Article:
Johnson & Johnson’s psoriasis biologic Stelara has shown efficacy in inducing a clinical response and remission in patients with Crohn’s disease, providing the drugmaker with crucial evidence to support expanding the drug’s label.
The large-scale Phase III trial involved 628 patients with moderate to severe Crohn's disease who had previously failed conventional therapy, the majority of whom were naive to treatment with anti-tumor necrosis factor (TNF)-alpha therapy.
According to the results, after six weeks’ treatment 52% of patients taking Stelara (ustekinumab) 130mg and 56% receiving the 6mg/kg dose achieved a clinical response, versus 29% in the placebo arm. After eight weeks (a secondary endpoint), the figures were 47% and 58% compared to 32%, respectively.
Both doses of Stelara also resulted in statistically significant improvements in the Inflammatory Bowel Disease Questionnaire, a health-related quality of life measure for patients with the condition, as well as markers of inflammation, including C-reactive protein, fecal lactoferrin and calprotectin, the firm noted.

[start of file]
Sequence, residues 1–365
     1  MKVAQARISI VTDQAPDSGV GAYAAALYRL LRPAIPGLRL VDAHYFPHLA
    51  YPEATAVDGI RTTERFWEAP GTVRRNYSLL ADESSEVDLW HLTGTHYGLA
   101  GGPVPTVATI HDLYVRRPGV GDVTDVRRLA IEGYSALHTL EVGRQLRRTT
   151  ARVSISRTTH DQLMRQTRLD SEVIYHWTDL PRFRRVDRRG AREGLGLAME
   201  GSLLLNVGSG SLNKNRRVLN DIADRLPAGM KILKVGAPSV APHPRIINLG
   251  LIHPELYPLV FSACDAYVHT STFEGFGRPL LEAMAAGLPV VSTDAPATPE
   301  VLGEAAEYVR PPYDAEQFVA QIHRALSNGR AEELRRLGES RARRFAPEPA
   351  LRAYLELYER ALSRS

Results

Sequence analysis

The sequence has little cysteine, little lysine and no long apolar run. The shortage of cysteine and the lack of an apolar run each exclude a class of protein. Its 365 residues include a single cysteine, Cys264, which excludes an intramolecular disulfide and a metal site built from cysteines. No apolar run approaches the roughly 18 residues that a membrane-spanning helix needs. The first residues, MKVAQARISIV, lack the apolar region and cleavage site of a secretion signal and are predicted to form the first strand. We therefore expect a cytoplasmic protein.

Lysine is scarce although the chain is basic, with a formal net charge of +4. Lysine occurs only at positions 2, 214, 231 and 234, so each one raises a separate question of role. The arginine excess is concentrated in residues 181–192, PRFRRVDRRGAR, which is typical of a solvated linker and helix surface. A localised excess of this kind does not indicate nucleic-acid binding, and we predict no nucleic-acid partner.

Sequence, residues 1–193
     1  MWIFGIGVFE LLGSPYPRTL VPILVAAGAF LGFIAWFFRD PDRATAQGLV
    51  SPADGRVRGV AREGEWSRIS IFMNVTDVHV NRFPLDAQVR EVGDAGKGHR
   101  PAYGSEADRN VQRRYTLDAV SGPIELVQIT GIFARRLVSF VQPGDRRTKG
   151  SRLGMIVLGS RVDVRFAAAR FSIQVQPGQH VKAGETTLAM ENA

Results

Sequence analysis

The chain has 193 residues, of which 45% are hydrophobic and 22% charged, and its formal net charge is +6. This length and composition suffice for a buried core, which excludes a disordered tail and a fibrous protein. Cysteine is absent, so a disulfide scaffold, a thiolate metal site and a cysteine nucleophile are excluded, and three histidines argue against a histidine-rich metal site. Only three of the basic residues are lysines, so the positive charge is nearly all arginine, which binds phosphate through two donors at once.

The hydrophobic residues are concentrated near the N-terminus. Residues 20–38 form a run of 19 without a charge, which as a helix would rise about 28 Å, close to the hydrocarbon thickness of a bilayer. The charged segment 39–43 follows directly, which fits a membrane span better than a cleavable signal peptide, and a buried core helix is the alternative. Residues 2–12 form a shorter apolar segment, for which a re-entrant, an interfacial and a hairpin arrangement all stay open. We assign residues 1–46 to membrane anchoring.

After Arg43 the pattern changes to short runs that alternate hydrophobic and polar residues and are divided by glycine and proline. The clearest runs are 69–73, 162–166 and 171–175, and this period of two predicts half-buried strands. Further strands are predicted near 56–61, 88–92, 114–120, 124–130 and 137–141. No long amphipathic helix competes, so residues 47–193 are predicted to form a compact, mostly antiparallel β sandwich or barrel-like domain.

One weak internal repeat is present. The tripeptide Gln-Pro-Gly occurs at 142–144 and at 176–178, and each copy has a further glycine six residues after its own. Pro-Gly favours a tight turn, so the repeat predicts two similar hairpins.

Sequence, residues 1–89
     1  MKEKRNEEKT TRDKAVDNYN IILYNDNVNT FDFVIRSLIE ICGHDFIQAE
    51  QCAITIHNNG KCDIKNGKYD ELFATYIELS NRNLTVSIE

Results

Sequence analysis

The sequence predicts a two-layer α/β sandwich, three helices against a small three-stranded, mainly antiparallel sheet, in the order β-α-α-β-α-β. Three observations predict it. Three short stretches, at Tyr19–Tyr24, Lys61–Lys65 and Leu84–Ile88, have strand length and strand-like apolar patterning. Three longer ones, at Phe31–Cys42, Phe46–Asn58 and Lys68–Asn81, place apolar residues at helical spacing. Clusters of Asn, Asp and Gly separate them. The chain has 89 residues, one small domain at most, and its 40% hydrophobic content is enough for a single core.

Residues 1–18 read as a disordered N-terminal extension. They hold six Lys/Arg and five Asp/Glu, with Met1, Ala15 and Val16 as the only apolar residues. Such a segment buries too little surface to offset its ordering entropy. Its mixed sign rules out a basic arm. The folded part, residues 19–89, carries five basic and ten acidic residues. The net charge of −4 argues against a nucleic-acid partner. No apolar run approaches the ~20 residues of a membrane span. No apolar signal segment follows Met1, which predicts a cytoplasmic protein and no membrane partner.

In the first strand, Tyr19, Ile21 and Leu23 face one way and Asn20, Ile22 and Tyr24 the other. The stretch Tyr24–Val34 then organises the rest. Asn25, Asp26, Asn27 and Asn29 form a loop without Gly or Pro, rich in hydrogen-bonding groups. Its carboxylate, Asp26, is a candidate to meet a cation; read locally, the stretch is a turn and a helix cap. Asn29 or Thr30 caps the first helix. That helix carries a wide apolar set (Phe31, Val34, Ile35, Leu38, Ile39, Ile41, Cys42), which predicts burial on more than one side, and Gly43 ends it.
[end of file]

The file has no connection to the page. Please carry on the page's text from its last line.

“Findings from this Phase III programme provide an important first look into the efficacy and safety of Stelara induction therapy in the treatment of inflammatory bowel disease - a disease where new therapeutic options are needed as the incidence continues to rise globally,” said study investigator Brian Feagan, chief executive and senior medical director of Robarts Research Institute, University of Western Ontario.
J&J said it would be filing applications this year for Stelara as a treatment for moderate to severe Crohn’s, a chronic inflammatory condition of the gastrointestinal tract that affects around 700,000 Americans and nearly 250,000 Europeans.